Pensions Bulletin 2017/18

Our viewpoint

Pensions Regulator to be more interventionist

In its first corporate plan since the BHS inquiry last summer, the Pensions Regulator promises to evolve to become a bolder, more effective regulator by intervening more frequently and acting faster, particularly where DB schemes are underfunded or avoidance is suspected.

Its ten priorities set out last year (see Pensions Bulletin 2016/16) have been refined to eight this year, with driving up standards of trusteeship and creating high performing teams of people across the Regulator being notable changes of emphasis in addition to the above on DB regulation.  There is also the promise to be clearer in codes, guidance and other interactions with schemes and employers about the Regulator’s expectations.

The Regulator has also set out its vision on “TPR Future”, which aims to look at the risks and challenges to create a sustainable approach to regulating all types of occupational pension schemes over the next five to ten years.

The Regulator has recognised new key challenges in implementing the master trust authorisation regime and frontline resources, and has agreed an increased budget with the DWP to fund this work.  For 2017/18 this brings the total budget to £84m, an increase of £3.5m to the original budget and an increase of almost £8m to the actual 2016/17 spend.

The Regulator concludes that in the coming year it will focus 31% of its resources on frontline regulation (a sharp increase from 16% in 2016/17), 21% on regulatory policy (16% in 2016/17) and 18% on auto-enrolment work (34% in 2016/17).


This latest corporate plan marks a significant change of emphasis to those that have gone before, with a much clearer focus on member protection through intervention – for example, the Regulator intends to almost double the number of DB schemes it will proactively engage with ahead of their formal valuations.  It will be interesting to see how this all pans out over the coming period.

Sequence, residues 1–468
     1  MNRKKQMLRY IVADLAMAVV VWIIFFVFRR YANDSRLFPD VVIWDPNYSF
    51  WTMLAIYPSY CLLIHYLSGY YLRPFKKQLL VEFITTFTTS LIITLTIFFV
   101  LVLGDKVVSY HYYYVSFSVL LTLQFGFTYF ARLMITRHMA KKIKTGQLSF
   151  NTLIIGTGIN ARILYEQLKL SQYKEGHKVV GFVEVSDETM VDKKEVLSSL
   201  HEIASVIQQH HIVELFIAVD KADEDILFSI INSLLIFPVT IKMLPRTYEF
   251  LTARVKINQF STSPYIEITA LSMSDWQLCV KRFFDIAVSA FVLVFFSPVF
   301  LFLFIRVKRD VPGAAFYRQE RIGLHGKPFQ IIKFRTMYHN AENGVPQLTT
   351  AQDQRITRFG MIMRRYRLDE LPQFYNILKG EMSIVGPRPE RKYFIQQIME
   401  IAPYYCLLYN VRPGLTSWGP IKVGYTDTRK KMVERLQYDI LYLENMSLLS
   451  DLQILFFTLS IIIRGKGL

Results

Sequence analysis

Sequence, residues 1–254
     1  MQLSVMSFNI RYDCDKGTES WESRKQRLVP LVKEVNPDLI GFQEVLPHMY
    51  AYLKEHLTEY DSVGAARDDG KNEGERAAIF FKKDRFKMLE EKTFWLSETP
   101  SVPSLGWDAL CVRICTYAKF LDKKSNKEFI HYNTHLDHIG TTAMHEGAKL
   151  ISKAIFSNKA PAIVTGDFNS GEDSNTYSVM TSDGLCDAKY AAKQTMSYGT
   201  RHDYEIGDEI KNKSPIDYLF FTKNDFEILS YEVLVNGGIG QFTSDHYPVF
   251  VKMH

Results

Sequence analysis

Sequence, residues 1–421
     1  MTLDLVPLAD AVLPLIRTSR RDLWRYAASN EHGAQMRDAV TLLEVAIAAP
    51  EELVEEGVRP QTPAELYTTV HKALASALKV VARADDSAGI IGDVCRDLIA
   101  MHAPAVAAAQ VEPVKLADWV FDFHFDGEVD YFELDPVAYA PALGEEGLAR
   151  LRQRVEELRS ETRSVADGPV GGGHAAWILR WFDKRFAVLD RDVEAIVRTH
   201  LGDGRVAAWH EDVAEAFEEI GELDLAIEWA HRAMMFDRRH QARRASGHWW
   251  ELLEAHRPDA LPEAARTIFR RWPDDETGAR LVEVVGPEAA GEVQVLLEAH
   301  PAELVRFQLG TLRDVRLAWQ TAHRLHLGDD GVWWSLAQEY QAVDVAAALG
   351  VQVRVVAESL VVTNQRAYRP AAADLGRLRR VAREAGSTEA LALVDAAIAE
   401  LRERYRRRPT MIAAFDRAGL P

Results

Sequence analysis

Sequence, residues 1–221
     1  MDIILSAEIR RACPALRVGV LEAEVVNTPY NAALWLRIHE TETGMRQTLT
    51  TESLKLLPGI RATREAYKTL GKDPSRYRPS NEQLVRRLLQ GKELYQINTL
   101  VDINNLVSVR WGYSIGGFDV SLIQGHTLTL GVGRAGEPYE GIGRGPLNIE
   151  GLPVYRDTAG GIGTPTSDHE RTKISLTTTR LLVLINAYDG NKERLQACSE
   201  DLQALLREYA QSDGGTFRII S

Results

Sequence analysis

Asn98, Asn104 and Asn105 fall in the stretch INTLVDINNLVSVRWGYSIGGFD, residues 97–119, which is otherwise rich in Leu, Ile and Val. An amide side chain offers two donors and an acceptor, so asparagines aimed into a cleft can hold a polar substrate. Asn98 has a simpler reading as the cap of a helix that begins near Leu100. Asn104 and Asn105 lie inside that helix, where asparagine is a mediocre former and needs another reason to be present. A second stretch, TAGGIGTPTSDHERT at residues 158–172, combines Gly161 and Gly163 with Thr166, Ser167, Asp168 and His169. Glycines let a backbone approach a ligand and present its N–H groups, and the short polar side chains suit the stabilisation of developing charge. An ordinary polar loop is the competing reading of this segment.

DWP proposes easement to the employer debt regulations for multi-employer schemes

A further option for addressing employer debts is proposed by the DWP in a consultation paper that has been produced following its call for evidence in relation to non-associated multi-employer schemes in March 2015 (see Pensions Bulletin 2015/13).

Called the “deferred debt arrangement”, it is to be made available to employers who have triggered an employment-cessation event (typically when their last active member leaves), or would have done so were they not already in a grace period.  However, the following conditions must be met:

  • The “funding test” applicable to certain other employer debt options must be met
  • The scheme cannot be in a PPF assessment period (or likely to enter one in the next 12 months) or be winding up; and
  • The trustees must agree to the arrangement taking place

Under the arrangement, the trustees cannot impose a debt on the employer.  Instead the now deferred employer continues with its obligations towards the scheme as if the cessation event had not occurred.

The arrangement remains in place with some permitted exits not giving rise to the debt (such as actually employing an active member) and others resulting in the debt being determined as at the exit (such as if the deferred employer restructures, or the trustees being reasonably satisfied that either the deferred employer has failed to comply with its scheme funding obligations, or its covenant to the scheme is likely to weaken in any other way in the next 12 months).